A Glimpse Inside The Uranium Market's Secret World

by: James Finch

Mired in secrecy, the uranium market hopes to someday offer price transparency. The question (or more accurately phrased, the conundrum) is: To whom will the ‘real’ uranium price become transparent? The entire industry appears to behave more like a beehive of cold war spies.

Utility fuel managers compete with a few handfuls of fuel brokers for the best price break. Utilities complain about the unwelcome speculators who’ve entered the market and predict a long-term price about one-half of the US$122/pound price indicator announced in Nuclear Market Review this past Friday. A few uranium miners forecast a price racing past $200/pound. Who is gaming whom? Or is this all part of the negotiations process?

Meanwhile, more price transparency seems to appear at Mestena’s regular spot uranium price auctions than in the overall uranium marketplace. Yet, the amount this private uranium producer has sold is far less than one percent of the uranium consumed in 2006.


Mestena’s next auction reportedly takes place on May 30th, or at least that’s when offers to buy the U3O8 are due. This time Mestena will have a bit of competition. An unnamed hedge fund has contacted potential buyers to solicit offers for 200 thousand pounds U3O8 and 100 metric tons U as UF6 – two days after Mestena opens the magic envelopes.

‘Fiat uranium’ trading at the widely publicized NYMEX ring moves forward, but the exchange is still searching for participants. In lower Manhattan, this commodity exchange was not only the first commodity forum to offer trading on platinum more than 40 years ago, but in early May began offering ‘paper’ uranium trading. The public can play the paper chase, but not for the real McCoy – U3O8.

A Glimpse Inside this Secret World

Screen shot of actual trading of physical uranium, which took place on May 16th. Buyers offered to pay US$122/pound for June 2007 uranium, or US$125/pound for December 2007 uranium. Transactions were sought for 10,000 pounds of U3O8 at each level, but no sellers were willing to part with their material at those prices.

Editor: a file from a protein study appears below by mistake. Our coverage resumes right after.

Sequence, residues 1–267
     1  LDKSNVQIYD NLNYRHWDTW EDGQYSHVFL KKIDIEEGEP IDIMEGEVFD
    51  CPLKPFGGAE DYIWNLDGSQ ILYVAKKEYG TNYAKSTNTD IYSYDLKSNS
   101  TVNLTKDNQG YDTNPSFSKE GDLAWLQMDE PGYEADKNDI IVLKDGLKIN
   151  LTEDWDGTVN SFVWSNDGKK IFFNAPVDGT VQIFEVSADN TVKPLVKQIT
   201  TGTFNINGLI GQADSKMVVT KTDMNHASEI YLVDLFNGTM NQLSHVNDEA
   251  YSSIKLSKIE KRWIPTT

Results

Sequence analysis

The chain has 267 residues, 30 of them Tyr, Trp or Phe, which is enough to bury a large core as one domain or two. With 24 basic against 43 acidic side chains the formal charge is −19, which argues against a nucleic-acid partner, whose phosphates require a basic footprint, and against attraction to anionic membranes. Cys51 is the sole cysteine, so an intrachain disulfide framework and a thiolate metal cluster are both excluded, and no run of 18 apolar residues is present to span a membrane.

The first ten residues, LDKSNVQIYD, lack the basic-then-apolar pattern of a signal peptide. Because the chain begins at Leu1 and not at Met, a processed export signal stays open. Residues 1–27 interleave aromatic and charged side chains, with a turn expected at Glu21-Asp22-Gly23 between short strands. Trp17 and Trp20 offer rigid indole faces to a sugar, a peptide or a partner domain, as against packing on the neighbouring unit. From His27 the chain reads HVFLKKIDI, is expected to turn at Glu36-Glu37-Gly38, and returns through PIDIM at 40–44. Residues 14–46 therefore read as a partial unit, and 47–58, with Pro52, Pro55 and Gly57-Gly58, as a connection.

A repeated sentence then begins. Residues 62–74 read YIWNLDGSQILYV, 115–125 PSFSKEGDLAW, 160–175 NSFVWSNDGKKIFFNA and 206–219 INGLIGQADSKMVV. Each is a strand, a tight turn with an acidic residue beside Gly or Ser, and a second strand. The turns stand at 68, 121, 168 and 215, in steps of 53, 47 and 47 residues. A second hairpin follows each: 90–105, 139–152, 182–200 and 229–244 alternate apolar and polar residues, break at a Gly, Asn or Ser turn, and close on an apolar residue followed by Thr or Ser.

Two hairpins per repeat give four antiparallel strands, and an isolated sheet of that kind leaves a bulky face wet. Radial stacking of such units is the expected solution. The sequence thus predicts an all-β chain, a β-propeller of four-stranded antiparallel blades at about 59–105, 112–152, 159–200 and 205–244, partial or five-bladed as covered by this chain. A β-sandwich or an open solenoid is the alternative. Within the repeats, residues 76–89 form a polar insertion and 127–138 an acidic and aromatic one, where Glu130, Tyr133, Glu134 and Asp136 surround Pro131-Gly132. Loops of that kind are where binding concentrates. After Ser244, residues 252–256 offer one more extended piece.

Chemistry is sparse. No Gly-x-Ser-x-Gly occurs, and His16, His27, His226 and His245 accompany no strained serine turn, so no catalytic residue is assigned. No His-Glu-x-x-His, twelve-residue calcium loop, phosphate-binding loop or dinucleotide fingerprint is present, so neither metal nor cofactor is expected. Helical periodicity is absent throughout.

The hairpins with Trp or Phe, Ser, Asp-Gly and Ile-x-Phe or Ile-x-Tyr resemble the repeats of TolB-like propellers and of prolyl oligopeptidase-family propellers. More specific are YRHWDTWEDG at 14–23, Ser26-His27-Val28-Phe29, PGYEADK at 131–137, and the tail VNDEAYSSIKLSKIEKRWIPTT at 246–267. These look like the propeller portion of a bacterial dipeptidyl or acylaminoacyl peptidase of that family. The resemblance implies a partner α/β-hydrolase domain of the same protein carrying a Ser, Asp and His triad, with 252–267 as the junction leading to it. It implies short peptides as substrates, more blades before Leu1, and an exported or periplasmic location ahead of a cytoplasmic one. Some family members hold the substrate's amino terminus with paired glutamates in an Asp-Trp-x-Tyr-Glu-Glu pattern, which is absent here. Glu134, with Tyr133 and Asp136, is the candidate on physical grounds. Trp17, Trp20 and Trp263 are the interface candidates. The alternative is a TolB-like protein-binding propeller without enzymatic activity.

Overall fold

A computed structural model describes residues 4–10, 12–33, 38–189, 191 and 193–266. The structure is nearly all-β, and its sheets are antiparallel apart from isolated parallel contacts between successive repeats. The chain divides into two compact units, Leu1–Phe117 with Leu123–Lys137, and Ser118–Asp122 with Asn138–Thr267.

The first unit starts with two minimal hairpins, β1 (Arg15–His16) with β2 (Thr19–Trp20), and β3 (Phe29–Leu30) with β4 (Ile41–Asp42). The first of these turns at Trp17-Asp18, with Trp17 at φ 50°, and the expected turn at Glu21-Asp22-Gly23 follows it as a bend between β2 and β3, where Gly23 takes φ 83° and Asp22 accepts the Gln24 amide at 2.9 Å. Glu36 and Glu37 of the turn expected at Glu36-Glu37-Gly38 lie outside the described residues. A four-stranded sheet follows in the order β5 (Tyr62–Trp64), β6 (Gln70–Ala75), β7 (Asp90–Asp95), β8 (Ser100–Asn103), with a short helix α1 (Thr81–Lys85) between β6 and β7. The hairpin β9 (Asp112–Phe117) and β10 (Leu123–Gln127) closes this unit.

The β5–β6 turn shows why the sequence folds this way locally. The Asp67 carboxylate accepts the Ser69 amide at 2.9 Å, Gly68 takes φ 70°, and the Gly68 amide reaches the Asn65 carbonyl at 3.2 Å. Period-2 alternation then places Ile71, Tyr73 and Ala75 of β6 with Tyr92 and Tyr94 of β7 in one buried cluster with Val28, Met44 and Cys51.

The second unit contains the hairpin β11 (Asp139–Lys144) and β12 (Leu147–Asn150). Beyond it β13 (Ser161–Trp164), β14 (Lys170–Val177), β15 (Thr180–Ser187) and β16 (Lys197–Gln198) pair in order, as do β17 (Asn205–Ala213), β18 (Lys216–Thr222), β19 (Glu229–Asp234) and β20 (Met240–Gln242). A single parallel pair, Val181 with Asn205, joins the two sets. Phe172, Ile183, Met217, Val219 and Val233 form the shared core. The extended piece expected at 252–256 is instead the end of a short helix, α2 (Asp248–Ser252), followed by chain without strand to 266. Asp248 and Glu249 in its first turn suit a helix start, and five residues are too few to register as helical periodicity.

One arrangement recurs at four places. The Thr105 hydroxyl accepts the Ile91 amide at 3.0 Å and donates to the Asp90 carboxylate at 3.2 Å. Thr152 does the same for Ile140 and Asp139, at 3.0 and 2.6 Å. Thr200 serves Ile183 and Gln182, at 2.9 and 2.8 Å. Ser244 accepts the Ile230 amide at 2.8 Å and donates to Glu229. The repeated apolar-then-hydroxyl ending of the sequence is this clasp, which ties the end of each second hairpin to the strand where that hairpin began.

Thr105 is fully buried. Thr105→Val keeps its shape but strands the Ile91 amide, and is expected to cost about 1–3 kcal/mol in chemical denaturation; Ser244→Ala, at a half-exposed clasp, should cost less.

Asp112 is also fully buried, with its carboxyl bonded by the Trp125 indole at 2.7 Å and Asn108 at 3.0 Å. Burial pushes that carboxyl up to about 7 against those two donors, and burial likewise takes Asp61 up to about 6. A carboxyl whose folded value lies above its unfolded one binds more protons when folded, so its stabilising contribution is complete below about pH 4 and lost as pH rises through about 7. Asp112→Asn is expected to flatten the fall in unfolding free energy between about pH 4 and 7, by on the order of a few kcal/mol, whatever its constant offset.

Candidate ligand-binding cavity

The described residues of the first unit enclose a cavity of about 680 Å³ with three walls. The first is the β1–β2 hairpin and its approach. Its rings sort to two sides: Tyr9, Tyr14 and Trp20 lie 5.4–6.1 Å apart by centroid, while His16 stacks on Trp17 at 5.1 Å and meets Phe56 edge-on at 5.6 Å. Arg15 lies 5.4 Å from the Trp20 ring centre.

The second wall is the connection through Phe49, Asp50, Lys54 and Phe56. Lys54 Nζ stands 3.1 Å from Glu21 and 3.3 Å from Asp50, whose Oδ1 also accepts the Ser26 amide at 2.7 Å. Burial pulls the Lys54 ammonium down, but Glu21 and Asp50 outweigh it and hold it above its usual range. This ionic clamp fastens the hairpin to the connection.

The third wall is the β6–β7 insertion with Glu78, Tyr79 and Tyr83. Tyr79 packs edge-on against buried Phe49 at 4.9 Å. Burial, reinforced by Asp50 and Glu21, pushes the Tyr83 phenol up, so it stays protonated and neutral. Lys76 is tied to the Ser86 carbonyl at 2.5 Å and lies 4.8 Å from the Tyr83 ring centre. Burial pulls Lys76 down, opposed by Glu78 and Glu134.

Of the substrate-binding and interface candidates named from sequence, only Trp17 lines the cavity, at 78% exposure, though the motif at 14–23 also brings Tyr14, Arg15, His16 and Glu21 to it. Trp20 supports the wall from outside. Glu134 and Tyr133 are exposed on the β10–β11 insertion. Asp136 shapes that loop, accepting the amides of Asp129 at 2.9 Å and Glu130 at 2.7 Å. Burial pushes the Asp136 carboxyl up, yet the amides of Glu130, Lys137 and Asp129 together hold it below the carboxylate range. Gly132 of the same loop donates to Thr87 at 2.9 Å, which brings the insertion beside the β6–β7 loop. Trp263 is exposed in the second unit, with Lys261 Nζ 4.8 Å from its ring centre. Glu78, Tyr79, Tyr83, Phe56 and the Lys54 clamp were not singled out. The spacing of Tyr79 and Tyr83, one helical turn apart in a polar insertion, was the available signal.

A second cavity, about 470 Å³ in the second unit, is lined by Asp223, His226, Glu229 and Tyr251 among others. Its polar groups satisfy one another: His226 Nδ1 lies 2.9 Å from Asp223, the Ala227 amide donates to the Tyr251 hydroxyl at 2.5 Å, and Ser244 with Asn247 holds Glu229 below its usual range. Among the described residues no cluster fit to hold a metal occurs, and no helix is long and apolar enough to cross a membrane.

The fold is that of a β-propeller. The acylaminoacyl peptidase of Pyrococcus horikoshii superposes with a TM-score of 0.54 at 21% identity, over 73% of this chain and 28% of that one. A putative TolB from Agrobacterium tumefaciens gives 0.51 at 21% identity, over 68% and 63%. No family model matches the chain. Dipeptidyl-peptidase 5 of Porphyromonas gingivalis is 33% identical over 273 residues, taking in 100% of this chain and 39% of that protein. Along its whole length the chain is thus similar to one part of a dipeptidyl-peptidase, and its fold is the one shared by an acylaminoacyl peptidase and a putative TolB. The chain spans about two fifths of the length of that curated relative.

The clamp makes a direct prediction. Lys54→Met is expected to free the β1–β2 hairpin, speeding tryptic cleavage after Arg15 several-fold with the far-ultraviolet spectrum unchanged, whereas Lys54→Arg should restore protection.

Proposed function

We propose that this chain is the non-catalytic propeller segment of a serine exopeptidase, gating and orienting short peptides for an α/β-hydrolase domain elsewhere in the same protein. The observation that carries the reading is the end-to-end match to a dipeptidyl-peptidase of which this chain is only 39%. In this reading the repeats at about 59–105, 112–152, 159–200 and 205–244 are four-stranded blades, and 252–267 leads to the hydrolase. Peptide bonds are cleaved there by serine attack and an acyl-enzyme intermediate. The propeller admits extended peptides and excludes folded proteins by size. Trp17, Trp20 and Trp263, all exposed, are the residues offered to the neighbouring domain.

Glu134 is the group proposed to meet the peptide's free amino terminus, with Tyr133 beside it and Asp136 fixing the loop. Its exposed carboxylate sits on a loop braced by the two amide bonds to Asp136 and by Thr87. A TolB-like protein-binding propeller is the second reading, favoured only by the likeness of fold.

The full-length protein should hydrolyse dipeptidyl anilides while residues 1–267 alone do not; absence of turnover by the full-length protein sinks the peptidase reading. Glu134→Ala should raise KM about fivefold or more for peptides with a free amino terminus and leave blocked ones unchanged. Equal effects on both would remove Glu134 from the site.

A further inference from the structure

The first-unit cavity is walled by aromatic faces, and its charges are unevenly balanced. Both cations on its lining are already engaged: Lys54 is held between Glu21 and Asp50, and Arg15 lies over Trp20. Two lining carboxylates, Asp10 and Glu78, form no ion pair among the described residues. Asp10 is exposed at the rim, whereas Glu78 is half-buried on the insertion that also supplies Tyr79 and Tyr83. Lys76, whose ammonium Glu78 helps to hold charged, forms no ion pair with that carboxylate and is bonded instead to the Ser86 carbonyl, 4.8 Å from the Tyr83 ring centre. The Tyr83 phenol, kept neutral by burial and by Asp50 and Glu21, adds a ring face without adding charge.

In mid-town Manhattan, near Grand Central Station, a lesser known ‘commodity exchange,’ run by New York Nuclear, offers screen trading every Wednesday morning between 7:30 A.M. and 9:30 A.M. This is for the real thing – the physical delivery of U3O8. The processed uranium is offered for delivery within a 30-day period at a licensed uranium conversion facility.

No, the public is not invited to this clubby function. One must be a certified market participant to bid for or sell U3O8 through New York Nuclear’s Uranium Online. While NYMEX paper trading is open to amateurs, Uranium Online only permits recognized persons to bid or offer uranium for sale.

Uranium Online screen trading is conducted every Wednesday morning by New York Nuclear, complete with instant messaging and chat rooms. All keystrokes are captured and stored.
“We have all categories as players,” New York Nuclear’s Joe McCourt told StockInterview.com. Those who have signed up to trade physical uranium on his online screen system include uranium producers, hedge funds, fuel brokers and utility fuel managers. “These are the major players in the physical uranium market,” McCourt added.

Our chat with Joe McCourt was quite enlightening. Later in an email exchange with Uranium One chief executive Neal Froneman, we were told Joe is a ‘heck of a nice guy.’ Others in the industry echoed these sentiments.

In a few words, Joe explained why uranium price transparency is presently out of reach, and could remain a mythical goal for some time. “There’s so few players in the business, and there’s a lot of confidentiality,” McCourt told StockInterview. “Everybody wants to see what everybody else does, but they don’t want anybody to see what they do.”

McCourt has also observed this secrecy in his company’s online screen system trading of physical uranium. “Everybody wants to see everybody else’s posts, but they don’t want to post themselves,” he told us.

Surrounded by this degree of secrecy and the recent NYMEX competition, why does McCourt persist? “In my opinion, I think that utilities want transparency,” he told us. “We want to improve how the market works.”

So who participates in the weekly trading sessions? “These are people we know to be bonafide buyers and sellers,” McCourt said. And what makes these bonafide? “We are in touch with the major players. We’ve been in the business for 25 years, and we’ve done deals with many people. We know who is for real and who is not for real.”